The neighbors in the University neighborhood in Seattle are middle-income, making it a moderate income neighborhood. NeighborhoodScout's exclusive analysis reveals that this neighborhood has a higher income than 59.0% of the neighborhoods in America. In addition, 5.0% of the children seventeen and under living in this neighborhood are living below the federal poverty line, which is a lower rate of childhood poverty than is found in 74.0% of America's neighborhoods.

The Neighbors: Occupations

What we choose to do for a living reflects who we are. Each neighborhood has a different mix of occupations represented, and together these tell you about the neighborhood and help you understand if this neighborhood may fit your lifestyle.

In the University neighborhood, 60.2% of the working population is employed in executive, management, and professional occupations. The second most important occupational group in this neighborhood is sales and service jobs, from major sales accounts, to working in fast food restaurants, with 21.9% of the residents employed. Other residents here are employed in clerical, assistant, and tech support occupations (11.0%), and 6.6% in manufacturing and laborer occupations.

The Neighbors: Languages

The languages spoken by people in this neighborhood are diverse. These are tabulated as the languages people preferentially speak when they are at home with their families. The most common language spoken in the University neighborhood is English, spoken by 81.3% of households. Other important languages spoken here include Spanish, Chinese and Korean.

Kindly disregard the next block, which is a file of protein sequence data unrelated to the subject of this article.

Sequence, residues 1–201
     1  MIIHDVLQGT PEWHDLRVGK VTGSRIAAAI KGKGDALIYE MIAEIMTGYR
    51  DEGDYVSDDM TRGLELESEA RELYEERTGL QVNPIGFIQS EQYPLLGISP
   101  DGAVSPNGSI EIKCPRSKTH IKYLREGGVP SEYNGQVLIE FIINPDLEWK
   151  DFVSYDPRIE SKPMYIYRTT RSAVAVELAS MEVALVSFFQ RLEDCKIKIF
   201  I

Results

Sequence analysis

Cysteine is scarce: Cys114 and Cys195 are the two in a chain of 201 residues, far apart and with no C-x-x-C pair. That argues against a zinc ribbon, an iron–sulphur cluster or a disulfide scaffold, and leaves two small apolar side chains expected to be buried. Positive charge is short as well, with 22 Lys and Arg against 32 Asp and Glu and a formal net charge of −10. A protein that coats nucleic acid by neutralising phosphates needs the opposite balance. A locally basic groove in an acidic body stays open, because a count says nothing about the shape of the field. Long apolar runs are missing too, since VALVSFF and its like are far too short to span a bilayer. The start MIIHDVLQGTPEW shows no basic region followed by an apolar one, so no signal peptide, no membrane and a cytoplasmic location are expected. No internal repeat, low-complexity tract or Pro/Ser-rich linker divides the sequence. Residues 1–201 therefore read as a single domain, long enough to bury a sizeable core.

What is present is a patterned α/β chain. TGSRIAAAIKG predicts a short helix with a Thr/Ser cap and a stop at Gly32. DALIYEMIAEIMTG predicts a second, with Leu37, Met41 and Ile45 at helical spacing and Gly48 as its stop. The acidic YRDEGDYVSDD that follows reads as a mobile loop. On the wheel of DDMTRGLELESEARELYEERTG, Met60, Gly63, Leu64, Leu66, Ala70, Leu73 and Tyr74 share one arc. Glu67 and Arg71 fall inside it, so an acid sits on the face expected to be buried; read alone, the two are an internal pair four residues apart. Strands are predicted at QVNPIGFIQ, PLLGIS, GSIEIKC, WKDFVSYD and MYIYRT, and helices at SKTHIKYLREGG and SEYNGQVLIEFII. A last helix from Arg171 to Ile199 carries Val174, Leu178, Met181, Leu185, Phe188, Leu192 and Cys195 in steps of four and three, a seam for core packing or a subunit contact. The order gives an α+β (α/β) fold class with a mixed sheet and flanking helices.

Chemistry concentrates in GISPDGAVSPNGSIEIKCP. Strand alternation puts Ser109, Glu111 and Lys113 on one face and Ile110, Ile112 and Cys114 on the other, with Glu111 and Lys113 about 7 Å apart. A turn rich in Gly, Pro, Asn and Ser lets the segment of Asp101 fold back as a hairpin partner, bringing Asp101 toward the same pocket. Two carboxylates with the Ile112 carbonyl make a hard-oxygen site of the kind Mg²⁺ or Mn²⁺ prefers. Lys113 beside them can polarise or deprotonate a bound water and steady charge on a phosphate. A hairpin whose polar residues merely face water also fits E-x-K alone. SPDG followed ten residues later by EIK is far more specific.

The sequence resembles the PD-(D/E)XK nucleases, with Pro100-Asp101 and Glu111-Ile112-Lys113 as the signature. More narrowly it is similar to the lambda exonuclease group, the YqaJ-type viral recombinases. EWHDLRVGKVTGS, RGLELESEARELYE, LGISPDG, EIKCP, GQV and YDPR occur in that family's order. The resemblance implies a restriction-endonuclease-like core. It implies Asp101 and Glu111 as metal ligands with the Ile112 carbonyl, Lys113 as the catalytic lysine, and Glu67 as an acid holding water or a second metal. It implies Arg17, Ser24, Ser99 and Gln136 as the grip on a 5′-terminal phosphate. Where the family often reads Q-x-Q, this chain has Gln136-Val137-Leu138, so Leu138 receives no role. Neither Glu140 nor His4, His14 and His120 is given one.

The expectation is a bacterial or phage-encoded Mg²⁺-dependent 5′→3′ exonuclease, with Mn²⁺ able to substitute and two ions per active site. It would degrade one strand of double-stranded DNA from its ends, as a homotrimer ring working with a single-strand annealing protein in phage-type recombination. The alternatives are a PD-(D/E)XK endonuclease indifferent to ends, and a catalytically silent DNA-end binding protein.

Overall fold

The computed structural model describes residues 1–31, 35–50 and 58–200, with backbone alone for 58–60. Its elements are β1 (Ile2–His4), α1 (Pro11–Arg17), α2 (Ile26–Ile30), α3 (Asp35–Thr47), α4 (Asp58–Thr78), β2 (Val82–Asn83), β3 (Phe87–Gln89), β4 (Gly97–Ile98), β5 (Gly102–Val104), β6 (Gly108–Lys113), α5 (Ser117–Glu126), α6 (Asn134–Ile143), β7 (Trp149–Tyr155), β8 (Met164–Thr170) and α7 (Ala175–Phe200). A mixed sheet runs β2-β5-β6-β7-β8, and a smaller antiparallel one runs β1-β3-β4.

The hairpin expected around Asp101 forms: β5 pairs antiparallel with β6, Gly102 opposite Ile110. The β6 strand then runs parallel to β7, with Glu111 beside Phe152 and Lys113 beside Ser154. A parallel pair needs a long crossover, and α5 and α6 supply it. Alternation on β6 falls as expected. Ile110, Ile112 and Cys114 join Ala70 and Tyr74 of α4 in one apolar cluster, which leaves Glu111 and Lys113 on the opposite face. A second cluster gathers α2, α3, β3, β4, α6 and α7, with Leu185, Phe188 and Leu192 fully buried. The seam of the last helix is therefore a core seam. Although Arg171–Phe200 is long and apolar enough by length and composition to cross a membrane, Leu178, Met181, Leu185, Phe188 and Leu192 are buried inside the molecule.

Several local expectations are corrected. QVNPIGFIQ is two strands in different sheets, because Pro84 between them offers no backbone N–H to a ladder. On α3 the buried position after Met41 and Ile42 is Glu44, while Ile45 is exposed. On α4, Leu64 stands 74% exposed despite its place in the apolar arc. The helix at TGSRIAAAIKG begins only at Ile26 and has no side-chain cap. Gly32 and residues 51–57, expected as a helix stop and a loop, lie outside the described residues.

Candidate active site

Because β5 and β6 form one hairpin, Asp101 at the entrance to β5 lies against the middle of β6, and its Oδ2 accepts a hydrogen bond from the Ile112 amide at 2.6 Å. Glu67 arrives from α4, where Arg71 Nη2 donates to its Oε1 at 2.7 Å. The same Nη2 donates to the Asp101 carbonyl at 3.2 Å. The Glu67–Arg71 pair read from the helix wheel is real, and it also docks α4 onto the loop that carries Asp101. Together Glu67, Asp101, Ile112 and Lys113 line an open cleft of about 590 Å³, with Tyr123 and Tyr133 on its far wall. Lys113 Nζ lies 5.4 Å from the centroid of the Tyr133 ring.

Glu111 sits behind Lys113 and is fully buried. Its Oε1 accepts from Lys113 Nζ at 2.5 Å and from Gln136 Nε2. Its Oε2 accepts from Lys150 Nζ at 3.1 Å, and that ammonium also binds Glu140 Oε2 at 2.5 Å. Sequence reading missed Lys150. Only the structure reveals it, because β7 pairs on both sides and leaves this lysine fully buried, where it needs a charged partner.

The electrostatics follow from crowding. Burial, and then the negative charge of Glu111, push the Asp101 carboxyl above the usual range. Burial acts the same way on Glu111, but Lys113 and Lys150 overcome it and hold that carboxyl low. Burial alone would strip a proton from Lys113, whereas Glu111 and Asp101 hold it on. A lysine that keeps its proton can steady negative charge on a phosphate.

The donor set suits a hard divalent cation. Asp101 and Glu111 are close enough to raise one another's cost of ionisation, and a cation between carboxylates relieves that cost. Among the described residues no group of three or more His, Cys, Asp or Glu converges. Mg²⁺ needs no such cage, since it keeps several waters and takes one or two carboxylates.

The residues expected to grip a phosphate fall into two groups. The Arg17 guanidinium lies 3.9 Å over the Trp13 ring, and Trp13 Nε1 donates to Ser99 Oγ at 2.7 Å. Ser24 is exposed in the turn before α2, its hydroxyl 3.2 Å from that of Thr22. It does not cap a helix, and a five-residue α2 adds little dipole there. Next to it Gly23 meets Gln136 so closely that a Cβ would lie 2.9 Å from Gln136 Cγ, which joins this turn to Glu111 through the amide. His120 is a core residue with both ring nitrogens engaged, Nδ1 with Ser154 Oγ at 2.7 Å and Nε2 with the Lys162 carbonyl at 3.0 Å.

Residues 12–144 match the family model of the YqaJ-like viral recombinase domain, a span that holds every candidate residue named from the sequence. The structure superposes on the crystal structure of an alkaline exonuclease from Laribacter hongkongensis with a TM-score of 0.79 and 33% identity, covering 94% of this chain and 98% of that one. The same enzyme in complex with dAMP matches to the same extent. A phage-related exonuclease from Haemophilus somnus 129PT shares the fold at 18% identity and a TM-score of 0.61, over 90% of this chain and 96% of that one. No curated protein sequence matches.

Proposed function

The Neighbors: Ethnicity / Ancestry

Boston's Beacon Hill blue-blood streets, Brooklyn's Orthodox Jewish enclaves, Los Angeles' Persian neighborhoods. Each has its own culture derived primarily from the ancestries and culture of the residents who call these neighborhoods home. Likewise, each neighborhood in America has its own culture – some more unique than others – based on lifestyle, occupations, the types of households – and importantly – on the ethnicities and ancestries of the people who live in the neighborhood. Understanding where people came from, who their grandparents or great-grandparents were, can help you understand how a neighborhood is today.

In the University neighborhood in Seattle, WA, residents most commonly identify their ethnicity or ancestry as German (12.7%). There are also a number of people of Asian ancestry (12.2%), and residents who report Irish roots (12.2%), and some of the residents are also of English ancestry (7.0%), along with some Mexican ancestry residents (5.4%), among others. In addition, 15.1% of the residents of this neighborhood were born in another country.

Getting to Work

Even if your neighborhood is walkable, you may still have to drive to your place of work. Some neighborhoods are located where many can get to work in just a few minutes, while others are located such that most residents have a long and arduous commute. The greatest number of commuters in University neighborhood spend between 15 and 30 minutes commuting one-way to work (42.3% of working residents), which is shorter than the time spent commuting to work for most Americans.

Here most residents (37.0%) drive alone in a private automobile to get to work. In addition, quite a number also ride the bus to get to work (30.5%) and 18.9% of residents also hop out the door and walk to work for their daily commute. In a neighborhood like this, as in most of the nation, many residents find owning a car useful for getting to work.


Neighborhood Real Estate Data

Source
Real Estate Data Tutorial

Analytics built by:   Location, Inc.

Raw data sources:   National Agriculture Statistics Service, U.S. Department of Agriculture, Federal Housing Finance Agency, U.S. Department of Housing and Urban Development, U.S. Bureau of the Census, U.S. Geological Service, American Community Survey.

Date(s) & Update Frequency:
  • Home Values, Rents: Reflects Q3 2020. Updated quarterly.